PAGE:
It left 29-year-old Healy exacerbated.
Sunderland new boy Healy actually should have had his own shot at goal after only eight minutes when he was found brilliantly by Gillespie in acres of space inside the Slovak penalty box. But instead of hitting a rasping volley at goal, he was unselfish and set up the charging Clingan who drilled the ball straight at Senecky.
Left back George McCartney, at times vulnerable in defence, was a constant threat for Northern Ireland from set plays and had three terrific headers towards goal.
And surprisingly Northern Ireland, considering the huge difference in height between the giant Slovaks and our men in green, looked dangerous from corners.
Chris Baird was unfortunate to glance a header wide of the goal on 10 minutes but it was McCartney who the Slovaks seemed to always fail to pick up.
When Northern Ireland were awarded corners in the second half, the ball was aimed in his direction. And McCartney, who returned to Sunderland this week, was furious with himself on 51 minutes for not bringing the scores level when he raced into the box but headed the ball over the bar.
Northern Ireland, after being thrown a lifeline by Durica’s own goal on 81 minutes, stepped up the tempo and attempted to bombard the Slovak goal.
Clear cut opportunities were at a premium though which further frustrated the Northern Ireland boys.
And it was really only in the dying seconds that Northern Ireland came extremely close to earning a point. Warren Feeney, a second-half substitute for Gillespie, who took a bad knock and is a doubt for Wednesday night, was fed the ball by returning skipper Aaron Hughes on the edge of the Slovak box. Feeney though was leaning back on his shot and therefore didn’t get the power he wanted but Senecky still forced it over the bar.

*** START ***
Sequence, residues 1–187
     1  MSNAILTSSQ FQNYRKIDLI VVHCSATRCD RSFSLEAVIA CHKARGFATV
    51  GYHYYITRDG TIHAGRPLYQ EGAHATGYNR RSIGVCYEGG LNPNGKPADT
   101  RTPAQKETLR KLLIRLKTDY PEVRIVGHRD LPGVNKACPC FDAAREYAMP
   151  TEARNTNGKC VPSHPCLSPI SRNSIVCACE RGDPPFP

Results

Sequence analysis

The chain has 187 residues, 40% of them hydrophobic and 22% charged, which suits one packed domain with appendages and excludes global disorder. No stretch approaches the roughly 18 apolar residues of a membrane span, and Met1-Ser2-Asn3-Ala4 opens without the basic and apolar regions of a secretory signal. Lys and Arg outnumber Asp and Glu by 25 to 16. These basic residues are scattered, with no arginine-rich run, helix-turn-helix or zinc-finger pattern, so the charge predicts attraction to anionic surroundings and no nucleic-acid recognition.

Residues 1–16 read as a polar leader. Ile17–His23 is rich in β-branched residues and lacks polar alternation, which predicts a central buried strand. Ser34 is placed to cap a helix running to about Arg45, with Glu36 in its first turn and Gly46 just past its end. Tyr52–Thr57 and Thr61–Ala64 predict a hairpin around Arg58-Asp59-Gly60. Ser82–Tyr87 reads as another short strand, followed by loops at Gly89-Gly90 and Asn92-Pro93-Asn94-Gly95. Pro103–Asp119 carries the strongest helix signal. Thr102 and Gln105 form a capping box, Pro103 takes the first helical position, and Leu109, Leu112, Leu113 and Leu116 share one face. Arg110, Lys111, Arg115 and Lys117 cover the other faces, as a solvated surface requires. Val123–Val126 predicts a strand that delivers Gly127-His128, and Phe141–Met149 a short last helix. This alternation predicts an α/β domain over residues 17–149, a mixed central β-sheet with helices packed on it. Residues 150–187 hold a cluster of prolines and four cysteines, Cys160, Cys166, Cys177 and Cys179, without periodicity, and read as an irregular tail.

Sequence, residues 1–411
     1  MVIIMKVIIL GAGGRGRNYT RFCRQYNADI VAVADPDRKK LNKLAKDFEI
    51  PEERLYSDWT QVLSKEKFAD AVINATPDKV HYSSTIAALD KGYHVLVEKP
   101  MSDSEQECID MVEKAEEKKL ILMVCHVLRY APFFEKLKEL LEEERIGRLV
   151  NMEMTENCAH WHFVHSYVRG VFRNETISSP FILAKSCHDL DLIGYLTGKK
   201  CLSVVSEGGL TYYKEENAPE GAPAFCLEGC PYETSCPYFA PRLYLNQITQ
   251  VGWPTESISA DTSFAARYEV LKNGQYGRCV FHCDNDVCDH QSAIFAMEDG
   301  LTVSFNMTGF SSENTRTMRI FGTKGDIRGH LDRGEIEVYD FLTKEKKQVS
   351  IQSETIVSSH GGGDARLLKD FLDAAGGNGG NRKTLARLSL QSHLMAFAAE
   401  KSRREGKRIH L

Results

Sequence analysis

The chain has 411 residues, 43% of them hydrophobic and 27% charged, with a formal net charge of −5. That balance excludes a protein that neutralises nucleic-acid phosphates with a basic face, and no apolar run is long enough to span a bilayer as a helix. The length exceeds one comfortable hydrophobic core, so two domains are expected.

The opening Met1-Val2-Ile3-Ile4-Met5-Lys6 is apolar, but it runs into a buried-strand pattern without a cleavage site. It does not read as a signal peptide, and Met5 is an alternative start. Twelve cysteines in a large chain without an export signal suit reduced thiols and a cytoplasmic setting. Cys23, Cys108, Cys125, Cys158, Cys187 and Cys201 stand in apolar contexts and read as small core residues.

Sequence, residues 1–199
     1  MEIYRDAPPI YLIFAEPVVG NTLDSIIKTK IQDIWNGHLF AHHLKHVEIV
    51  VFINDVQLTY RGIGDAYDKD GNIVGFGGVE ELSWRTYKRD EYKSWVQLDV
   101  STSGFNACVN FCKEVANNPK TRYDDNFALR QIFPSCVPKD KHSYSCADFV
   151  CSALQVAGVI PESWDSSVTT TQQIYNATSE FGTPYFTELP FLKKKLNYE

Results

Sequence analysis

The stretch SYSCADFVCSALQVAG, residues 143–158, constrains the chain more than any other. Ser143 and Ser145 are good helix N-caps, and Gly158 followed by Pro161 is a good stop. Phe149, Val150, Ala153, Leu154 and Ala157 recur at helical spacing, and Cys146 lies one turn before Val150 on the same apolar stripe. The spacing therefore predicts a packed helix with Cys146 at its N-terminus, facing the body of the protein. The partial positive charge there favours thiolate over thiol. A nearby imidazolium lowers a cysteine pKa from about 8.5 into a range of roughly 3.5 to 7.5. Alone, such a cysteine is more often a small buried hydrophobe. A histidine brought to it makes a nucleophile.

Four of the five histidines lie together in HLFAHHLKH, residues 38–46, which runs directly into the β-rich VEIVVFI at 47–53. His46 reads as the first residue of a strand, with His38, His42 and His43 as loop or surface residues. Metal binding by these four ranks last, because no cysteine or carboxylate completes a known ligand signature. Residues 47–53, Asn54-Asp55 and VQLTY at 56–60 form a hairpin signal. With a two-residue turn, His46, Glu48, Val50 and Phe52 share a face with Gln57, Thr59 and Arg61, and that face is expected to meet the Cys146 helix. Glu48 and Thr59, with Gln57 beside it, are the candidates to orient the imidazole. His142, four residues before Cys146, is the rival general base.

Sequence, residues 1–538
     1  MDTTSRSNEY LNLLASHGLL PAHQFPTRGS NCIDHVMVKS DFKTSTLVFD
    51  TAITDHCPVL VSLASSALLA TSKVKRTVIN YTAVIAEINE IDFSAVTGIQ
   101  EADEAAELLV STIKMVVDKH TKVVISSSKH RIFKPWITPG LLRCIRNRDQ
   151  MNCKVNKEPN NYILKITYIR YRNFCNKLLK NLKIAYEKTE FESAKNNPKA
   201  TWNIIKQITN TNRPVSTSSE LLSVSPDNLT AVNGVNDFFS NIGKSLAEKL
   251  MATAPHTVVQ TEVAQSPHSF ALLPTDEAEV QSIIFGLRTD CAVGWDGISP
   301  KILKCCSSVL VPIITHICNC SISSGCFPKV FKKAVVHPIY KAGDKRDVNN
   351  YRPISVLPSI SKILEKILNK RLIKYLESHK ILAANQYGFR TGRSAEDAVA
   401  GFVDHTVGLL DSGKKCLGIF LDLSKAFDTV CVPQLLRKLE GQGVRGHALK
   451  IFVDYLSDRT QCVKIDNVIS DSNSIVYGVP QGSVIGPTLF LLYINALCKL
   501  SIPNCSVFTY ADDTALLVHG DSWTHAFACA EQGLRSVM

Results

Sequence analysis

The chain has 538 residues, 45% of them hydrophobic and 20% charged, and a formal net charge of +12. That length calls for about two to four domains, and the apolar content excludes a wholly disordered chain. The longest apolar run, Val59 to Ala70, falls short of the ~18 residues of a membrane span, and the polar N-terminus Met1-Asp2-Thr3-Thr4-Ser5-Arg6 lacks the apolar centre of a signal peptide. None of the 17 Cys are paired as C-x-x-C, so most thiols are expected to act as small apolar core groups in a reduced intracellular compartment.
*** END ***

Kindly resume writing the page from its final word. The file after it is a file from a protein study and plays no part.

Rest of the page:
Then came the most truly magnificent save to deny McCartney and Northern Ireland. Brunt pinpointed a corner kick straight to McCartney, who’s downward bullet header looked destined for the back of the net, however Senecky managed grab it from the air and hold onto it — much to the relief of the sparse Slovakian crowd.
Senecky’s actions were to be the final nail in Northern Ireland’s coffin as the whistle sounded seconds later.
Opening defeat yet again in a campaign and the realisation that Northern Ireland will need yet another magical performance against the Czech Republic on Wednesday night if they are to stay in contention already in Group Three.
Expect to see Worthington revert back to a tried and tested 4-4-2 formation with Dundee United’s Feeney the striker likely to join Healy up front.
We’re traditionally slow starters who like to make life difficult for ourselves.
Thankfully we’ve still a year and half left to make the journey to South Africa.
Damage has been done but it could be quickly repaired on Wednesday night in Belfast.
And in turn change those Northern Ireland tears to cheers.
SLOVAKIA: Senecky, Durica, Skrtel, Pekarik, Petras, Karhan (Zabavnik 75), Kozak, Jakubko (Svento 58), Hamsik, Sapara, Vittek. Subs: Mucha, Novak, Zabavnik, Svento, Mintal, Obzera, Sebo.
NORTHERN IRELAND: Taylor, Hughes, McCartney, Evans, Craigan, Baird (Shiels 78), Clingan, Davis, Gillespie (Feeney 53), Paterson (Brunt 78), Healy. Subs: Mannus, McAuley, Brunt, McGivern, Shiels,Thompson, Feeney.
Referee: Nikolay Ivanov (Russia)